- The Washington Times - Wednesday, February 5, 2003

An Air Force general and a CIA official testified yesterday that top-secret information reportedly accessed by espionage suspect Brian Patrick Regan would be invaluable to “our adversaries” in Iraq, Iran and China.
Both Maj. Gen. David Deptula and Dennis D. Fitzgerald, a CIA official for more than 25 years, referred to top-secret documents and photographs as they testified in U.S. District Court in Alexandria.
“One of the reasons we have accrued a record of flying 200-plus sorties [over Iraq] without a loss has to do with keeping information that was in possession of the defendant away from the adversary,” said Gen. Deptula, who has been in charge of surveillance flights in the no-fly zone over Iraq since he planned the air attacks for the Gulf war 12 years ago.
America’s satellites can show drug operations, military installations, surface-to-air missiles, clues of terrorists and even natural disasters such as earthquakes, said Mr. Fitzgerald, an expert on the satellite system and deputy director of the National Reconnaissance Office in Chantilly.
Both officials said they had no knowledge of the involvement of Sgt. Regan, a retired Air Force master sergeant. They testified instead about the necessity for the top-secret materials, which were displayed on television screens only for the jury and court officials.
“I’m not allowed to read Number Four aloud,” said defense attorney Jonathan Shapiro as he projected a document for Gen. Deptula to identify.
Previous witnesses testified that the materials, which were admitted as evidence, were found on the hard drives of Sgt. Regan’s Gateway and Toshiba computers.
Sgt. Regan was cleared for top-secret information when he was assigned in 1998 by the Air Force to the National Reconnaissance Office. He retired in 2000 and went to work for TRW Inc., which became a part of Northrop Grumman, and returned to a similar job at National Reconnaissance.
The FBI had him under surveillance for several months before he was arrested Aug. 23, 2001, at Washington Dulles International Airport. Witnesses said he had notes about two Iraqi geo-coordinates in his possession and had an airline ticket to Switzerland.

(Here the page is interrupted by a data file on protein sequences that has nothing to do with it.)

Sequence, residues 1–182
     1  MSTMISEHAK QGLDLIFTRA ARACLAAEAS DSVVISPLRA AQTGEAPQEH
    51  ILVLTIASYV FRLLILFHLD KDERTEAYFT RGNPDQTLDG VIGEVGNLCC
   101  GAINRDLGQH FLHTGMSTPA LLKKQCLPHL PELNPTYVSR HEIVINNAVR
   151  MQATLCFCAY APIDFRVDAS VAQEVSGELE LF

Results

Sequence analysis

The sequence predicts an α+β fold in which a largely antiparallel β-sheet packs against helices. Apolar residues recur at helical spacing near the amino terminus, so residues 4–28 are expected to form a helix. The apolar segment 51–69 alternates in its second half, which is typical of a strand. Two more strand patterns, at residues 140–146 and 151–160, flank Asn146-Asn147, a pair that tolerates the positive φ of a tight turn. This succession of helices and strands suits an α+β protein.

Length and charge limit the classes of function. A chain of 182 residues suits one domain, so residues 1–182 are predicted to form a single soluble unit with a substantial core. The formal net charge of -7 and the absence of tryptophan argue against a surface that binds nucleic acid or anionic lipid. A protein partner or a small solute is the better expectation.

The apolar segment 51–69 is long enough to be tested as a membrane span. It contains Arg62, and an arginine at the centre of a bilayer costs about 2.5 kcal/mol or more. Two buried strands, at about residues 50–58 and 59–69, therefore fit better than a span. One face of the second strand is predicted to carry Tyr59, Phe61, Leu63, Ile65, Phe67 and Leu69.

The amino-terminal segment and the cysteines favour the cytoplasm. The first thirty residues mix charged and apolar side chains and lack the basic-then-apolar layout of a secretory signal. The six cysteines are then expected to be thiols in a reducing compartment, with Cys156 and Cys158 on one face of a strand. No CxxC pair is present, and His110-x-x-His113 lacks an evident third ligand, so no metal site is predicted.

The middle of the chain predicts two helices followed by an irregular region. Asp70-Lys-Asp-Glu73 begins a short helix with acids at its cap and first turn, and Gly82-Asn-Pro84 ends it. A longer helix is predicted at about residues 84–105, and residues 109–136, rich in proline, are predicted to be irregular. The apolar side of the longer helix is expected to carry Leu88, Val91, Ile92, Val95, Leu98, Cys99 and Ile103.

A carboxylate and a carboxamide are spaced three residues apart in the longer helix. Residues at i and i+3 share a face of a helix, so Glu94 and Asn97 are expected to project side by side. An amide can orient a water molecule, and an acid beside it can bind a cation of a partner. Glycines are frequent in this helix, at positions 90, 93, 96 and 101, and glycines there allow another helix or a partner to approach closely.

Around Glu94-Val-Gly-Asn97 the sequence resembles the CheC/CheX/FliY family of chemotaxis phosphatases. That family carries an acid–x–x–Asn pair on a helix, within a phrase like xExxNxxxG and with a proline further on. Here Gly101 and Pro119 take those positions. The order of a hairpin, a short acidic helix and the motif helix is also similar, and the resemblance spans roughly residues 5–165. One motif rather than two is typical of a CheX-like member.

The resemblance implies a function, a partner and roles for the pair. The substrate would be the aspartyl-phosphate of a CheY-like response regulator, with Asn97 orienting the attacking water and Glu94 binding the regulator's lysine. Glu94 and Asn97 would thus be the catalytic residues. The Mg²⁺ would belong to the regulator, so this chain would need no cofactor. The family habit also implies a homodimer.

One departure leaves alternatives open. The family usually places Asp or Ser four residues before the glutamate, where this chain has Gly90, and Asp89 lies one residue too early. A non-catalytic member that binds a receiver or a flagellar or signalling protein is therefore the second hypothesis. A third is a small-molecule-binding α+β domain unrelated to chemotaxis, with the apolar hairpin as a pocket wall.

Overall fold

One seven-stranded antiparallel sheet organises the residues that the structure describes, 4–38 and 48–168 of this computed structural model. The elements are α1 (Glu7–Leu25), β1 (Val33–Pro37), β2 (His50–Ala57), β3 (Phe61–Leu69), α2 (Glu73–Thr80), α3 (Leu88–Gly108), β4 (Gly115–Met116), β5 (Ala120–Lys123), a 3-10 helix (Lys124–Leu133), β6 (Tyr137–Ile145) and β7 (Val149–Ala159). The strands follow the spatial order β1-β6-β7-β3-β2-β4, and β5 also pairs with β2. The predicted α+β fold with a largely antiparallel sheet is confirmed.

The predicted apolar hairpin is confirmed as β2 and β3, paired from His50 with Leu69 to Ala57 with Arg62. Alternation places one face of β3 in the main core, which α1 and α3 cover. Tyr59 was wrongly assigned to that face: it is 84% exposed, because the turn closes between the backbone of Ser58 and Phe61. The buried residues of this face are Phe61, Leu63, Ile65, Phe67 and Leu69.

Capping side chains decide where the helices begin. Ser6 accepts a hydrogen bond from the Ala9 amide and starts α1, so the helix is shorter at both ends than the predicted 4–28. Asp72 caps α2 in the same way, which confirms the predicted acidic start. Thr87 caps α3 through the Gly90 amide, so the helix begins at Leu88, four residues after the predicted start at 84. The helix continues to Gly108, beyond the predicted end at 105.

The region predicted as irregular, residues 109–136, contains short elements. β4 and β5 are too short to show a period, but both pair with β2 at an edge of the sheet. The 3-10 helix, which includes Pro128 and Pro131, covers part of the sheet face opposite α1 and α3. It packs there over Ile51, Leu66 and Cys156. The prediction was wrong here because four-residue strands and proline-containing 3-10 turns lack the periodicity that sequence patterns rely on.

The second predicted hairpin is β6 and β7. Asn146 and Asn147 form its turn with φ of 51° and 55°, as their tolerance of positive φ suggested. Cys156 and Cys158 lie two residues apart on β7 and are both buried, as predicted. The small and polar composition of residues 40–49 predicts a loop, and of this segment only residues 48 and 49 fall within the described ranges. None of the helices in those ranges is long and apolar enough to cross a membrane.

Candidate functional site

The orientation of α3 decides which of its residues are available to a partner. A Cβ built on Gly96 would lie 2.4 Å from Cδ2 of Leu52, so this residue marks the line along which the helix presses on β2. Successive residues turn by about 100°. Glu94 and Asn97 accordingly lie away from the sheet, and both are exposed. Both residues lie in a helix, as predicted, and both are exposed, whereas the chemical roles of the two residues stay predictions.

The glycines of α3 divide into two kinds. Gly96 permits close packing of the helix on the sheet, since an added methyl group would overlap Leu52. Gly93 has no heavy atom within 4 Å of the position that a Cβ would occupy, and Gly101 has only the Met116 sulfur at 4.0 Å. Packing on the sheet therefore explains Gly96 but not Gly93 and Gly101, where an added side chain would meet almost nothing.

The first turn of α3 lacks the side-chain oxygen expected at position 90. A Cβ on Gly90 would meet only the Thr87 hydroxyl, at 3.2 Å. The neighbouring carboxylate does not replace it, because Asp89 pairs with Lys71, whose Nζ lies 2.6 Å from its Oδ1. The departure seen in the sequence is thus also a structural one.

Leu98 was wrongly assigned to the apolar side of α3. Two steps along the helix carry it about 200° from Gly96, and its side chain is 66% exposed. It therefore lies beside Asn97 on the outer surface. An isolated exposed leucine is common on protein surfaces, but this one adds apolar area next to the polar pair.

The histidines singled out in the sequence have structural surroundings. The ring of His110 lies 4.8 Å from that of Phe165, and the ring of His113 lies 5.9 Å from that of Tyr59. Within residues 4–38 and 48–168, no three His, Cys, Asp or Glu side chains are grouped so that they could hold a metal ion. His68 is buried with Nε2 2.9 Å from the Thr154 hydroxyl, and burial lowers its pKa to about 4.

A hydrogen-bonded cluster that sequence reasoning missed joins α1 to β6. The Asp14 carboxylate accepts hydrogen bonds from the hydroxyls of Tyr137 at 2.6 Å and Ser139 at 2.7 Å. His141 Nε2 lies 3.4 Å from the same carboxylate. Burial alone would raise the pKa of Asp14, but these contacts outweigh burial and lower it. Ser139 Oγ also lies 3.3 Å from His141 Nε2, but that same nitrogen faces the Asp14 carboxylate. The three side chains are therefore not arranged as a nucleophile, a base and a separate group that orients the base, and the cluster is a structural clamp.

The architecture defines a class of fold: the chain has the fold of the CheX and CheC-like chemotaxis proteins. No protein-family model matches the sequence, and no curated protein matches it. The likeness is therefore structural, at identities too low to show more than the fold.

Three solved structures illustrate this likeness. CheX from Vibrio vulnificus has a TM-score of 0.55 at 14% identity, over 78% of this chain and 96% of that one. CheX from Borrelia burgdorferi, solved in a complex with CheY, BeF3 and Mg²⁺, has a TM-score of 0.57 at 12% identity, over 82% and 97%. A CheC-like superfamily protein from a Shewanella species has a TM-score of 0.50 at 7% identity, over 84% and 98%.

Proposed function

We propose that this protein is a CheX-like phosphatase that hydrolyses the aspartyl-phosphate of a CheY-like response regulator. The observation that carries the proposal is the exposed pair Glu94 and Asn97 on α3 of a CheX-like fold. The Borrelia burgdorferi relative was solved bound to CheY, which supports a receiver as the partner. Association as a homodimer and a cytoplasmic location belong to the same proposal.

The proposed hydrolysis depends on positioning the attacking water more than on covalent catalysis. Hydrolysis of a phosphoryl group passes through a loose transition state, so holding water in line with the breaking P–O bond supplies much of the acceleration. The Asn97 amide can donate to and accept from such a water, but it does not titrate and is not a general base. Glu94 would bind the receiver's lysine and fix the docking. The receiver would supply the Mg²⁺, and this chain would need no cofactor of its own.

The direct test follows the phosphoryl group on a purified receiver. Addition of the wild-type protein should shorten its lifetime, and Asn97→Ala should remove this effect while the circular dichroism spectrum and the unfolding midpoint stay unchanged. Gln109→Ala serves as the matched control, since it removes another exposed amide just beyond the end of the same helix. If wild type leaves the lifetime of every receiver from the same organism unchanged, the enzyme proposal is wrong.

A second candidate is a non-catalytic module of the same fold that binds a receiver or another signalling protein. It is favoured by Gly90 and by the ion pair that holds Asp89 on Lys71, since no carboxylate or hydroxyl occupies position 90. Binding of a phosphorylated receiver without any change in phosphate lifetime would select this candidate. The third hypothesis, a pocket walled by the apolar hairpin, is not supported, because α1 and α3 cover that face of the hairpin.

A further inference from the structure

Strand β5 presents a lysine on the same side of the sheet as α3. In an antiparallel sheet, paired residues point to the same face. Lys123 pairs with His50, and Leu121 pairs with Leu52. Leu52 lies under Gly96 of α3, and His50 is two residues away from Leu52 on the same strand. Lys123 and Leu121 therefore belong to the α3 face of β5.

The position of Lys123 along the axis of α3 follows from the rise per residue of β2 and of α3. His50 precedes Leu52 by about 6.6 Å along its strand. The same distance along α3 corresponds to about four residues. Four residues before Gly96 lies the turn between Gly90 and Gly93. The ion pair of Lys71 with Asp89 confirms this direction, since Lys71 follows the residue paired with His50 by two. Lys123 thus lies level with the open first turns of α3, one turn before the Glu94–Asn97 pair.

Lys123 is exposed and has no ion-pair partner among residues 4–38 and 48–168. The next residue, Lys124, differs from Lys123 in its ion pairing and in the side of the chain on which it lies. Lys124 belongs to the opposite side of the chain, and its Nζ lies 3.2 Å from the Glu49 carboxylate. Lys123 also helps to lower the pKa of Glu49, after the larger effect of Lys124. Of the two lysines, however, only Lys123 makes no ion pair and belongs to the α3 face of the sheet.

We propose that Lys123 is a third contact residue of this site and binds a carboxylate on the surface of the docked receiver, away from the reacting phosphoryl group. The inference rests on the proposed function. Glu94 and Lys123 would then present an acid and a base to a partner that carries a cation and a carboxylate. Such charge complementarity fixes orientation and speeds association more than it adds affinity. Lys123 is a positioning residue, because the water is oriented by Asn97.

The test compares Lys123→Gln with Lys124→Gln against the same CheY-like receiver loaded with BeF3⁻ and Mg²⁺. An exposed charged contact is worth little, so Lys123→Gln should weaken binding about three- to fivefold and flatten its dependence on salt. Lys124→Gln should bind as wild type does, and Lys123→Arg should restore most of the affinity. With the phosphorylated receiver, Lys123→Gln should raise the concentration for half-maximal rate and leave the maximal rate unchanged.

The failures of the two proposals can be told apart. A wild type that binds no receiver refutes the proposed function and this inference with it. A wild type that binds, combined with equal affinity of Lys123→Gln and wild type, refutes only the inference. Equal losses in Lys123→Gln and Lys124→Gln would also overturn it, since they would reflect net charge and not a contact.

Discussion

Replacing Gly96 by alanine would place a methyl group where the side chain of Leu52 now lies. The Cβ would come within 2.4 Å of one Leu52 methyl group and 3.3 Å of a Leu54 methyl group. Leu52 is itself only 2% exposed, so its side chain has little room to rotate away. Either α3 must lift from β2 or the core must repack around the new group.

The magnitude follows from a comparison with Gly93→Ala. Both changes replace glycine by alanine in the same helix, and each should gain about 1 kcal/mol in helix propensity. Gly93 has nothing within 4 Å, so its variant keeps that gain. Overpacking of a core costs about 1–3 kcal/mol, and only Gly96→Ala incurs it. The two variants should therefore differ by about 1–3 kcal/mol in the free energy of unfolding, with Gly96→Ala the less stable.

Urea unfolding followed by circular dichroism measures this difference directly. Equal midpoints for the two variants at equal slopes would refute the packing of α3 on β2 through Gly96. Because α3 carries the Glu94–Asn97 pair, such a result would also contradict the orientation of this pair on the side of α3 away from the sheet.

Gen. Deptula said the satellite visions “are a veritable blueprint of the Iraqi air-defense system.”
Questioned by Assistant U.S. Attorney Patricia Haynes, Gen. Deptula said Iraqi President “Saddam Hussein has offered a reward to … anyone who shoots down a coalition aircraft.”
American and coalition pilots’ lives are being saved by satellite and other surveillance information about Iraqi military equipment and sites, he said.
“I would be surprised if the adversary is fully aware of the capability of the system,” Mr. Fitzgerald said. “If they know they are vulnerable to detection that way, they would make changes to avoid detection.”
Cross-examined by Mr. Shapiro, Mr. Fitzgerald acknowledged that much information is publicized, such as the launching of spy satellites. He also agreed that amateur astronomers with telescopes around the world spot and watch the satellites.
Sgt. Regan is on trial on three counts of attempted espionage and one count of illegally gathering national security information. Sgt. Regan, 40, a father of four, lived in Bowie. If convicted, he could be sentenced to death, the first such sentence since spies Julius and Ethel Rosenberg were executed in 1953.

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